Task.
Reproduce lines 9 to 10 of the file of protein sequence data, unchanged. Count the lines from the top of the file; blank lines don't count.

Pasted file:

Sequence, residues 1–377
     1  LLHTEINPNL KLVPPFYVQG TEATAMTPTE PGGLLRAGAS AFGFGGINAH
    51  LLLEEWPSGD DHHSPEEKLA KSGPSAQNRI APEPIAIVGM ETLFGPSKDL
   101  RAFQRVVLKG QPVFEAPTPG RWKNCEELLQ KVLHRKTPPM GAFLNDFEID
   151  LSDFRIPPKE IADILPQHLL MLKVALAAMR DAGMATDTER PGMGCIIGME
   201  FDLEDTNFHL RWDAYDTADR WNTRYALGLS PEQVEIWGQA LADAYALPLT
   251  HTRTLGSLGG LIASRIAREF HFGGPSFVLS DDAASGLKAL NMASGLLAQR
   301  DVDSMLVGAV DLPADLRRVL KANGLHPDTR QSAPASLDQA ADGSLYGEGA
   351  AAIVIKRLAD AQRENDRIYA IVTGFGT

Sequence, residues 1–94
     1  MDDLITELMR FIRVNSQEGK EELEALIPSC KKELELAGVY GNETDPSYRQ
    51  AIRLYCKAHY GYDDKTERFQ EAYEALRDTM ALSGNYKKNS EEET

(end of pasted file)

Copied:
   351  AAIVIKRLAD AQRENDRIYA IVTGFGT

Sequence, residues 1–94